Ideas for great compliance training

What comes to mind when you think of compliance training? Unfortunately, it does not have the best reputation; many view it as boring and monotonous. Despite that, employee compliance training is essential for organisations because adhering to specific laws and regulations protects both employees and the business.iStock-687984234

Not only does compliance training deliver enormous cost savings –with the average cost being $5.47 million versus an average of $14.82 million for non-compliance, equating to an average difference of $9.35 million annually – it also encourages a culture of best practice in the workplace. As a result, workplaces are made safer and productivity is increased.

Although it is viewed as a chore to many employees, compliance training can be made into a more enjoyable learning experience. Traditional compliance training might take place in a classroom environment where employees are made to sit through long-winded PowerPoint presentations on complicated topics, but taking training online can change this.

Lengthy compliance modules can be transformed into bite-sized through e-learning. This helps employees remain focused; longer modules usually have lower completion rates. Taking training to mobile also gives a degree of power to the learners and allows them to complete training when it suits them, as opposed to being taken away from their daily duties for classroom learning. Finally, training can be easily updated and personalised, which is a necessity for compliance as the laws and regulations of the workplace are constantly changing. This means content becomes more valuable and tailored to the individual, improving engagement rates.

Compliance training can be made more enjoyable by being made more interactive for employees. E-learning platforms commonly have gamification features, such as achievements and points, which have positive impacts on employee engagement. Incentives are also a great way to engage employees and encourage them to persist with their learning.

For example, an office leaderboard can be created which ranks employees based on how well they are doing in their training. Whoever is top of the leaderboard at the end of the week might win a prize for their performance. Not only does this create friendly competition within the workplace, but it acknowledges the efforts made by top-performing employees.

Setting up scenarios and testing employees to see if they have the capability to identify various risks in a real life situation also makes compliance more engaging. One example is ‘Photo Hunt’, which involves cluttering a spare desk with office supplies so it looks in use. During this hunt, you would label various items with a phrase that should be identified as red flags for risks and take a picture with your smartphone. This picture can then be distributed by email to other employees, who have to send in all the risks they can spot. The employee who has spotted the most can be rewarded. Some examples might include labelling an envelope as ‘confidential’, which links to privacy regulations, or a writing pad labelled ‘contacts’, which can be linked to GDPR. An empty office cubicle could be used for the same purpose and made more interactive, like an escape room.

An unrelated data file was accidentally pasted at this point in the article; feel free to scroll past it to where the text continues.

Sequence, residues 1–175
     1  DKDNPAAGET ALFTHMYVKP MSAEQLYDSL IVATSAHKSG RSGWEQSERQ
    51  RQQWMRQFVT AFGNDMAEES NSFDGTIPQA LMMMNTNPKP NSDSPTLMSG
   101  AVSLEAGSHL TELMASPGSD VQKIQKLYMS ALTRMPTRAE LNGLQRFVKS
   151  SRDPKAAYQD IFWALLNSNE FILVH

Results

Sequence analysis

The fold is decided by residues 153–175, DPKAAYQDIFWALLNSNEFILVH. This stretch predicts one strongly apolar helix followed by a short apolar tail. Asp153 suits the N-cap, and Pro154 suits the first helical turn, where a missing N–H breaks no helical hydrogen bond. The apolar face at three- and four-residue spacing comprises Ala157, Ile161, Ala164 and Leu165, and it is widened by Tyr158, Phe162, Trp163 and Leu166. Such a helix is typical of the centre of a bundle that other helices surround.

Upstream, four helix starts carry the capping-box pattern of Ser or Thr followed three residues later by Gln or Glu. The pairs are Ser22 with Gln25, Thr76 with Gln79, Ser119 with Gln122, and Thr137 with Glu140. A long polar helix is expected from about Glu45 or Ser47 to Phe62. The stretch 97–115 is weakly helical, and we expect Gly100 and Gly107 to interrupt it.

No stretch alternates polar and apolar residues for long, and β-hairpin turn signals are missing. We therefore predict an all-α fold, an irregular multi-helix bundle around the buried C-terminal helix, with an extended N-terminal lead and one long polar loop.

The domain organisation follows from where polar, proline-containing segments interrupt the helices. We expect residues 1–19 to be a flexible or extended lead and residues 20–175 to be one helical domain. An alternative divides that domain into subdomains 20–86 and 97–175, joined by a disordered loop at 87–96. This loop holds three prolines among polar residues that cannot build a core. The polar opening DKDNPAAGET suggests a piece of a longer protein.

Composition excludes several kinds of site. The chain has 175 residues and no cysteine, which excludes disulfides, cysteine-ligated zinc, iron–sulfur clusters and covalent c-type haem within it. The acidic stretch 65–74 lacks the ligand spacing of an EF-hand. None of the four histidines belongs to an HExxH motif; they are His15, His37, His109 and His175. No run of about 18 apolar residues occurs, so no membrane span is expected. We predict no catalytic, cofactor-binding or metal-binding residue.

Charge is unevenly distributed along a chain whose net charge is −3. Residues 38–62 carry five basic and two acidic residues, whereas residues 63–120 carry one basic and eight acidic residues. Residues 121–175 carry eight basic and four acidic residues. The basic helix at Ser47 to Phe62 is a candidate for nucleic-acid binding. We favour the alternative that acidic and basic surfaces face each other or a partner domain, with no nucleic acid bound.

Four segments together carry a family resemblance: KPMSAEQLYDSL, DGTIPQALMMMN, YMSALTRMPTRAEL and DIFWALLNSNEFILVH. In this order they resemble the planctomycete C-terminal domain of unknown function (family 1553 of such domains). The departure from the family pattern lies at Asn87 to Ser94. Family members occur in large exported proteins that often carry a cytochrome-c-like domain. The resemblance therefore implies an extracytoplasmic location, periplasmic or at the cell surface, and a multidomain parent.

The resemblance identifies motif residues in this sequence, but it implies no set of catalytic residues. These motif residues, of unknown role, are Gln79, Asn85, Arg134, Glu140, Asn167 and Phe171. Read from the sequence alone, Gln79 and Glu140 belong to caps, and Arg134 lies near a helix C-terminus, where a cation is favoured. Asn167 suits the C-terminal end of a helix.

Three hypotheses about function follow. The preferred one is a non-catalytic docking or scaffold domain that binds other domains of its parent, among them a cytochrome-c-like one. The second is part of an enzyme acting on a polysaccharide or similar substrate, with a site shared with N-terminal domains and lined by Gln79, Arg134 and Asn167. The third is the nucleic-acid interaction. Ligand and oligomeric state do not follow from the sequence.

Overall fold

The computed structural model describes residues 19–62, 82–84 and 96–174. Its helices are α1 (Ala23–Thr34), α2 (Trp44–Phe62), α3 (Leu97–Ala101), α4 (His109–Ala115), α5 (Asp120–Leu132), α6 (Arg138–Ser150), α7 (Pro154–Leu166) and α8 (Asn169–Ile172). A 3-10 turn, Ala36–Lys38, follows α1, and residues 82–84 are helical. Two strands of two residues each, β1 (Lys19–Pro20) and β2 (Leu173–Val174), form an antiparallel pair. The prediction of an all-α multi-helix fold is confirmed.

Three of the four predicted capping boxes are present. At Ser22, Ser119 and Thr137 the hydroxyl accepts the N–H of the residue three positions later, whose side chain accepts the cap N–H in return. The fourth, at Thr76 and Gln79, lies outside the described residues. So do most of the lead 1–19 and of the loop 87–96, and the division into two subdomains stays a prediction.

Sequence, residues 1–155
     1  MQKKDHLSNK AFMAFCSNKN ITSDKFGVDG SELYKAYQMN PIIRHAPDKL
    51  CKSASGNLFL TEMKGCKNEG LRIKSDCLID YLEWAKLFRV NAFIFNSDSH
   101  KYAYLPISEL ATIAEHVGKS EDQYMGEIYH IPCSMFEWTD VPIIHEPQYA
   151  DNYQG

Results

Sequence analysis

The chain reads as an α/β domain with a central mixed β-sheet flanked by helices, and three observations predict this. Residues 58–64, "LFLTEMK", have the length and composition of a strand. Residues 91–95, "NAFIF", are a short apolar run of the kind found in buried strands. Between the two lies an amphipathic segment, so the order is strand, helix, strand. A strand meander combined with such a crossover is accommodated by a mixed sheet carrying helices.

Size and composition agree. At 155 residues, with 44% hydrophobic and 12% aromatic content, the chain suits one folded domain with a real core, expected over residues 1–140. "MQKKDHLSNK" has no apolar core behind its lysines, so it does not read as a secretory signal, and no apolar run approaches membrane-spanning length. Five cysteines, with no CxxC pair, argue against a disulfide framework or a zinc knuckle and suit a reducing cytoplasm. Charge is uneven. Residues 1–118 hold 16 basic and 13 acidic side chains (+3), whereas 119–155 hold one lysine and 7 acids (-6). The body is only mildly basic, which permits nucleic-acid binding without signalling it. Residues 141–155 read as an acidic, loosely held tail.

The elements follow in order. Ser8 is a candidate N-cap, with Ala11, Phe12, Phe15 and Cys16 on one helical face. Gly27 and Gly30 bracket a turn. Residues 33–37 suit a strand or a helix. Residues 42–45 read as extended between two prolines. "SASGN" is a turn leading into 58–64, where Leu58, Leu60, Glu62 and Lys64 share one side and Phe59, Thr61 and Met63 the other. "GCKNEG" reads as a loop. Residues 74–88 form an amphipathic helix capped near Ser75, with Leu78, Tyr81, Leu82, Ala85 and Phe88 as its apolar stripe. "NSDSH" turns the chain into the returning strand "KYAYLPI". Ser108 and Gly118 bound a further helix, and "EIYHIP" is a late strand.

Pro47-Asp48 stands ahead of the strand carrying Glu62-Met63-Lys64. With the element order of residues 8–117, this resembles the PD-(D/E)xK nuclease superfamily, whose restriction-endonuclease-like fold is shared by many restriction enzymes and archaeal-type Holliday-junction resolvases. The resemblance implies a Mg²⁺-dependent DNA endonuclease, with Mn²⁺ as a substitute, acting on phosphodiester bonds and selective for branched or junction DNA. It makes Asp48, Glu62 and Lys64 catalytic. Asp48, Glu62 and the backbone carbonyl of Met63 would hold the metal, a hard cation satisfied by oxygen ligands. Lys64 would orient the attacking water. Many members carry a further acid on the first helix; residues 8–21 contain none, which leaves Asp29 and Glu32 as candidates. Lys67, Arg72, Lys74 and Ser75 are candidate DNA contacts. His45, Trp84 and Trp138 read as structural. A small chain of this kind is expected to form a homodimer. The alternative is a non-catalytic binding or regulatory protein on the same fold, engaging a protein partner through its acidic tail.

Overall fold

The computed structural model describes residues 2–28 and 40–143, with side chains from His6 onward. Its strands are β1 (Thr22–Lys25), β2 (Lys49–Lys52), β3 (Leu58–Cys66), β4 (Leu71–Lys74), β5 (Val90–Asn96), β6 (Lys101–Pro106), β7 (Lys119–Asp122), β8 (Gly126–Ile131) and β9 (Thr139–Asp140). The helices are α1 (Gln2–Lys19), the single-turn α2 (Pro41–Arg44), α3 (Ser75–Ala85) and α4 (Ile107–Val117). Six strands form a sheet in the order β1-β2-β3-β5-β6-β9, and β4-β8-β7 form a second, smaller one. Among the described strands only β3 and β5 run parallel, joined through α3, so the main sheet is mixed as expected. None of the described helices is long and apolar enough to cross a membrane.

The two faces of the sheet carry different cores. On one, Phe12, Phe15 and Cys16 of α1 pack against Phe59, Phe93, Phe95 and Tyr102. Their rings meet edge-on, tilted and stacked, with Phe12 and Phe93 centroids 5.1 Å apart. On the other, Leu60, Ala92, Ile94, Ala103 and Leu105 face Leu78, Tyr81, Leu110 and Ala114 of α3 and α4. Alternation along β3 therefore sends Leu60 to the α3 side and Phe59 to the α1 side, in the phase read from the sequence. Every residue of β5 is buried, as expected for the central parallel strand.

An additional tip to make compliance more exciting is to inject humour into the training. Opening up with humour will instantly make training seem less formal and put learners at ease. Humour allows important points to come across whilst making it memorable to learners, improving their retention of important facts. Incorporating humour can be done through e-learning or roleplay exercises, which humanises compliance and shows it has relevance to the employees because they can apply it to real life situations.

Although employees can be unenthused about compliance training, it can be made more compelling through different methods. Taking training online makes it both accessible and bite-sized, which is better for employee retention. This, blended with gamification features, such as achievements and points, will do wonders for employee engagement levels.

Gamification can also be applied in real-life settings through weekly incentives and leaderboards that are linked to their online training. Putting employees in these types of situations, which encourage them to identify risks, will also make training more memorable and teach employees how these risks relate to their everyday activities. The injection of humour and friendly competition within the office will make the topic of compliance more enjoyable and effective, ultimately helping employees retain important information and change their behaviour.

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